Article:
WARF: P190053US01

Simplified Optical Traps for Quantum Computing


Mark Saffman

The Wisconsin Alumni Research Foundation (WARF) is supporting the development of optical traps for neutral atom quantum computing. This technology simplifies the apparatus for particle trapping and is expected to reduce the cost and complexity of quantum computing devices.
OVERVIEWQuantum computing is expected to revolutionize the field of computation and provide major improvements for optimization, modeling and cryptography. Over the course of decades, different methods to make a functional quantum supercomputer have emerged, all with various advantages and at different stages of development. One method, neutral atom quantum computing, is based on atomic particles confined and controlled by optical traps created by lasers.

To date, solutions to implement optical traps are highly complex and present inherent control problems during scale-up. As tech giants and startups continue to advance in this space, there is strong interest in making optical confinement techniques more stable and scalable, and reducing crosstalk among trapped particles.
THE INVENTIONA UW–Madison researcher has developed a novel method and hardware to create optical traps for neutral atom quantum computing. The new design is a simple yet efficient method for creating large arrays of bright or dark optical patterns for particle trapping and for arrays of atomic qubits for quantum computing.

Rather than using a relatively complex arrangement of optical elements, the new approach requires only lenses and circular apertures. Compared to prior designs, this approach is cheaper to implement and has improved technical characteristics for efficient utilization of laser light and improved localization of the trapped particles.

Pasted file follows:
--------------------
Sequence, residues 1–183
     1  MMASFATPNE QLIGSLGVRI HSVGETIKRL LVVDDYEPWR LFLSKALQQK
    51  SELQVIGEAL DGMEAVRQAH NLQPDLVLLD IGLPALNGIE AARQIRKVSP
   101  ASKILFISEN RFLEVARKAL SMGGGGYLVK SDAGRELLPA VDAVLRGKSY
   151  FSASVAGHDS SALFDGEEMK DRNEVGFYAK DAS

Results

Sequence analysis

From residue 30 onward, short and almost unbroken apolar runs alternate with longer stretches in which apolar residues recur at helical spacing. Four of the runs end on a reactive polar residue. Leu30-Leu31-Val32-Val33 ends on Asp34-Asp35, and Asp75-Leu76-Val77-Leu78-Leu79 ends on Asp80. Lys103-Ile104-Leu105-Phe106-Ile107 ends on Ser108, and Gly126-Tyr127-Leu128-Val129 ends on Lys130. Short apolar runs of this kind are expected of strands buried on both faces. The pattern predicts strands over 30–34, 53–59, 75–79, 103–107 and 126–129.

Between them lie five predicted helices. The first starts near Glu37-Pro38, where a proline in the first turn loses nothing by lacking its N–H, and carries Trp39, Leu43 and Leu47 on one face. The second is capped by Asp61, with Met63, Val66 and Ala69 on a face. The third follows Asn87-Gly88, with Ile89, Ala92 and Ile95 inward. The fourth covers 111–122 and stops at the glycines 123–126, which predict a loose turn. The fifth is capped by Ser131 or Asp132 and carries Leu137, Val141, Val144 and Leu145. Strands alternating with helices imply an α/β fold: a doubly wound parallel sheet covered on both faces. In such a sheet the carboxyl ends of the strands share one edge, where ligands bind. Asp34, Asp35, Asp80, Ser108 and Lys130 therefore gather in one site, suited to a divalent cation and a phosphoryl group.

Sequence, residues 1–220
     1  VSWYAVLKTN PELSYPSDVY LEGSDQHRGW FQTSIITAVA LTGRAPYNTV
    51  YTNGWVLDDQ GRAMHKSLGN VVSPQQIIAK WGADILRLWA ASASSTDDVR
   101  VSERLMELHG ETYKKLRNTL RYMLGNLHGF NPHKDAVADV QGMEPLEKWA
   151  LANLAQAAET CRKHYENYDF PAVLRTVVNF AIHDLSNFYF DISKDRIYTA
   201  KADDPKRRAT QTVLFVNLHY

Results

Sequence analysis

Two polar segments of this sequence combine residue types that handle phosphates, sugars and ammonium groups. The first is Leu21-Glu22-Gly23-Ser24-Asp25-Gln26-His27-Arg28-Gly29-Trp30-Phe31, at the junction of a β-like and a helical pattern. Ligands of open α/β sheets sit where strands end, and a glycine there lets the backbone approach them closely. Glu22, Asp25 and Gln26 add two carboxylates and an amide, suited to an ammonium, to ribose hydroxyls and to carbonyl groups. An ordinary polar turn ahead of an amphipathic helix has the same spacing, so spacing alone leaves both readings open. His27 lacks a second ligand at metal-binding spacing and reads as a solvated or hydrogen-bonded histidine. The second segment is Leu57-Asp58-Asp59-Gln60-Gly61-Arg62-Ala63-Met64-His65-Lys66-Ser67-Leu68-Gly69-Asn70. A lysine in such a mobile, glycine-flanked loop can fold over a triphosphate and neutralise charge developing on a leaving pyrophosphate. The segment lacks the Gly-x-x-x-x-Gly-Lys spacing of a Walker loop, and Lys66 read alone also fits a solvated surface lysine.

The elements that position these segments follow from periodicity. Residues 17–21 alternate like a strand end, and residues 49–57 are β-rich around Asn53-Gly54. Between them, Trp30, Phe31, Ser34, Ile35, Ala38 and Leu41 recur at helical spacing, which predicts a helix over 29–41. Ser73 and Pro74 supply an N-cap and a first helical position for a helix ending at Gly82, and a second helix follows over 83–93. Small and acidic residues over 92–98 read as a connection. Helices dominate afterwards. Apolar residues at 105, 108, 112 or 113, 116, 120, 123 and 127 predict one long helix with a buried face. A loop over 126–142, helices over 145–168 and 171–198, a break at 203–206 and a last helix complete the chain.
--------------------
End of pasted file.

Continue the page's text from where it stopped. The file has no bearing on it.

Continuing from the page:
BUSINESS OPPORTUNITYThe market for quantum computers is expected to grow to $160.8M by 2022 and $1.34B by 2027. Experts believe that this year, quantum computers will achieve "quantum supremacy," where quantum computers will solve problems considered too difficult for conventional computer systems. Other major announcements include that Rigetti is planning to build a 128-qubit quantum computer processor and that Google currently has a 72-qubit processor. According to Frost & Sullivan, private investors have invested over $1.15B into quantum computing.

This technology improves and simplifies the apparatus for particle trapping, which will reduce the cost and complexity of quantum computing devices.
  • Quantum computer hardware, simulation experiments, atomic clocks and sensors
  • Potential to improve the performance of quantum computers and sensors
  • Simpler and easier to implement than prior technology
  • Traps are more stable, effective and efficient.
  • Requires less power to trap each particle
  • Robust and less susceptible to source phase noise
For More Information About the Inventors
Contact Information
For current licensing status, please contact Emily Bauer at or 608-960-9842.
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